Karl Gorman
Enterprise software

Main Enterprise Software Development Methodologies to Win Success

Enterprise software development is increasing the digitalization of everyday business tasks and processes. From accounting, inventory, and customer management, to logistics, businesses are letting computers do the hard work through custom software development to address customer needs and achieve business goals.

Enterprises engage in custom software development to provide a scalable, functional, and user-friendly product and aim to do so using a suitable enterprise software development methodology. If you want to know about the enterprise software development methodology to use for your project, then continue reading.

In this article, we’ll start by defining software development methodology, then provide you with some considerations you need to make before deciding on a development methodology to develop your product. We’ll then list and explain the top enterprise software development methodologies available and, finally, inform you about the dangers of choosing the wrong software development methodology.

Enterprise Software Development Methodologies Overview

In software development, there’s a process called the product development life cycle, where a software development team designs and builds a new product from scratch or overhauls an existing product. All development teams go through all the steps, but it’s the process or order in which they’re done that differs. This process or order of development steps is referred to as an enterprise software development methodology for businesses or simply a software development methodology in general.

What Is Enterprise Software Development Methodology?

To be clear, enterprise software development methodology is a combination of steps in the software development lifecycle in different techniques and formats that results in efficient software development within the available time frame. While some basic types exist, there are more than ten methodologies for developing enterprise software.

The most popular ones are V-Shaped, Agile, Waterfall, DevOps, and linear. But simply adopting software development methodologies just because it’s popular is not the ideal route. There are several factors involved in deciding what the most productive enterprise software development methodology for your project would be, and we’ll discuss them in the next section.

Factors to consider before choosing an enterprise development methodology

There’s no one way to do this, but the right mix of the proper considerations can help you make the best decisions for the suitable enterprise software development methodology. Take cognizance of the following factors:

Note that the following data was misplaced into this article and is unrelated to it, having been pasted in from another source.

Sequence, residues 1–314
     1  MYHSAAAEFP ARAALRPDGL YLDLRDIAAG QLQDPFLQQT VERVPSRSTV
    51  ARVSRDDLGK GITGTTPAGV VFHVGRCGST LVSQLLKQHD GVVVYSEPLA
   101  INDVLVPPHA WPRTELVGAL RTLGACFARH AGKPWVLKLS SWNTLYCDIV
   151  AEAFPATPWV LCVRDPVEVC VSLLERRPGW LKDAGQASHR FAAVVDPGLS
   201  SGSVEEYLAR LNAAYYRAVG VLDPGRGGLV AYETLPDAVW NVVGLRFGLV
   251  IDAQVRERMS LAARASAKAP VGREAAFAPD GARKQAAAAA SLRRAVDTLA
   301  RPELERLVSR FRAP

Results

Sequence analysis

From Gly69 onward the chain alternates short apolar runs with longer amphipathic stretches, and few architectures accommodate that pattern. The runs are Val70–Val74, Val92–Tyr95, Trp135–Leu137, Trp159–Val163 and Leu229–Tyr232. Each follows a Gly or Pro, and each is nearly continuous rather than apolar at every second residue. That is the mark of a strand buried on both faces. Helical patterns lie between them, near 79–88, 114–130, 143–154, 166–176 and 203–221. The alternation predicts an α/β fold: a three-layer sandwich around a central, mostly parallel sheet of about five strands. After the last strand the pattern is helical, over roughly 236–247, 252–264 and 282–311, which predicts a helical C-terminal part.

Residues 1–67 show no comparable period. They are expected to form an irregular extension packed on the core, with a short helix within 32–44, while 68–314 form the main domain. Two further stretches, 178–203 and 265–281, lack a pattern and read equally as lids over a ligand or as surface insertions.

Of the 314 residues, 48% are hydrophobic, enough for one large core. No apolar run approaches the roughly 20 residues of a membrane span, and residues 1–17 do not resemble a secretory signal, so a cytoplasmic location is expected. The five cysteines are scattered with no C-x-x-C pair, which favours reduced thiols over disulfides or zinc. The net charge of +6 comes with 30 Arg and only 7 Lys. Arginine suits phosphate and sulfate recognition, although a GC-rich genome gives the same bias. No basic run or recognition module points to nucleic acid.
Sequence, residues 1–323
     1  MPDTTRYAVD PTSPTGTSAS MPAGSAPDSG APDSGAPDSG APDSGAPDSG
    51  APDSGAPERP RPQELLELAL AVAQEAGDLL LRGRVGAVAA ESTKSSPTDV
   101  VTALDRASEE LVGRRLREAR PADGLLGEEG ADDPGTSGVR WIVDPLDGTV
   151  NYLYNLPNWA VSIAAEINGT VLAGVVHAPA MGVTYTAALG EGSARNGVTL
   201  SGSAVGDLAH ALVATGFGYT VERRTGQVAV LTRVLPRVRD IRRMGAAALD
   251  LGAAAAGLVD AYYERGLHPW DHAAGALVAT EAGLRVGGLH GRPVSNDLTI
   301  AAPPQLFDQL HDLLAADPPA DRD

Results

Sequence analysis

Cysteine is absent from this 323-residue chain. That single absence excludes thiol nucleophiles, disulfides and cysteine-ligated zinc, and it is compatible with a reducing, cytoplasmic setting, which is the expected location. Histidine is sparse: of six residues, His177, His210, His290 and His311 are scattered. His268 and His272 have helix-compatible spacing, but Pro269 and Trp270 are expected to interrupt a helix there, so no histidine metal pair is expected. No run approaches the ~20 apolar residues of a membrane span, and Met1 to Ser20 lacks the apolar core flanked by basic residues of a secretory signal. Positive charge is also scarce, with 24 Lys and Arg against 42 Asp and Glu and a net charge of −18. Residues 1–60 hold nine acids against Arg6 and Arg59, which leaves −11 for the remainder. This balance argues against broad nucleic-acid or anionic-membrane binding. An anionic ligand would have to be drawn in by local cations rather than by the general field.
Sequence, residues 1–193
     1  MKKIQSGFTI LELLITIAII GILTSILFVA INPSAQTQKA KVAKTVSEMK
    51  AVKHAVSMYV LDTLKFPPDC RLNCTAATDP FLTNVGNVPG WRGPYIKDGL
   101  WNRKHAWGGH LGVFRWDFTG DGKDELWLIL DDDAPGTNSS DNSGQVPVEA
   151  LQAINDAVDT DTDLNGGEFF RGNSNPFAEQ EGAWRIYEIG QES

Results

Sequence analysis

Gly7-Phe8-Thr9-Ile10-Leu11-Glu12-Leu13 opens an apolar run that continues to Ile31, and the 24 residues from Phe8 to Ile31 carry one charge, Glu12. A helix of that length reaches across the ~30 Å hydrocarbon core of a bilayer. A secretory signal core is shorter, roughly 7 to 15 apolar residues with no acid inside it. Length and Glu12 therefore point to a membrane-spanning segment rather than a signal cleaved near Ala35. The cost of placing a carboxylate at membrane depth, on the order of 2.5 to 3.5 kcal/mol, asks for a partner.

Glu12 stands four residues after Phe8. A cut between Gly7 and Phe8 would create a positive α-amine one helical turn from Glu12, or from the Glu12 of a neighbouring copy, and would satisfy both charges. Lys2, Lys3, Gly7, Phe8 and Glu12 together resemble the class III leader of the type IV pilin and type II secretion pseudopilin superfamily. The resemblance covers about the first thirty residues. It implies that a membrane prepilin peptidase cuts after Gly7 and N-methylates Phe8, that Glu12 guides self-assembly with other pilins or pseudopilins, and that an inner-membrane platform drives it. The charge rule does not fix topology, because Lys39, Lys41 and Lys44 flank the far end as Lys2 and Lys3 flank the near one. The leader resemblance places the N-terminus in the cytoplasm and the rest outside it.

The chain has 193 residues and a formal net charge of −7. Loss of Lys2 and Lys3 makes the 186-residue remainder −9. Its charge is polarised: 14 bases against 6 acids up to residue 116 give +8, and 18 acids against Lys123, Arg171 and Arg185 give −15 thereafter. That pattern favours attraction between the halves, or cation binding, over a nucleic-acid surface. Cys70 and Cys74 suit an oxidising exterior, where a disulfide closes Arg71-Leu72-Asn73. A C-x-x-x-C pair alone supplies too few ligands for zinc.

Project requirement

Every project isn’t the same, no matter how similar. You must think of this current project’s specific requirements for functionality and software, and system design, among other requirements your project may have. Before choosing an enterprise software development methodology, you’ll need to define this as clearly as possible to make the right estimate.

The end product in view

Having an end goal in mind is key to understanding other parts of the project. At the beginning stage, you should already have a picture, even a blurry one, of how your final product will look, feel, and perform in the hand of your target user. The type of enterprise software development methodology you choose can affect how your final product will turn out.

Experience the project development team has with the methodology

Enterprises will hit many snags if the development team plans to test their abilities by adopting a new and untested methodology for your project. Usually, people find it easier to achieve a task when they have experience using the required methods. Thus, it would help if inquireduire from the development team about their experience with the software development methodology they currently use or are recommending for your project.

Feedback for previous products

For you, this might not be your first rodeo in software development. If you have successfully built and launched a product, you’ll have project development notes and documentation you can review to see the results from the enterprise software development methodologies applied for previous projects.

If it’s a good report and you’re now building a similar product, you might consider using the same development methodology for the new one. If not, then conduct your research on another type of development method that might be best suited to your new project.

Size of the development project

There are some methodologies that you cannot use for larger projects, and in the same way, some enterprise software development methodologies only shine through in mid-level or small project sizes. When selecting an enterprise software development methodology, keep your project size in mind. If you don’t yet know your project size, then you have some fact-finding and business-level soul-searching to do for your project.

Enterprise software

What Are The Top Enterprise Software Development Methodologies?

Among the top enterprise software development methodologies, the primary or parent methods are the Waterfall methodology and Agile methodology. Other methodologies are an offshoot of these two or are similar to them because development teams, over time, found that these two didn’t quite fit all the time. So they created variations to suit their needs and products.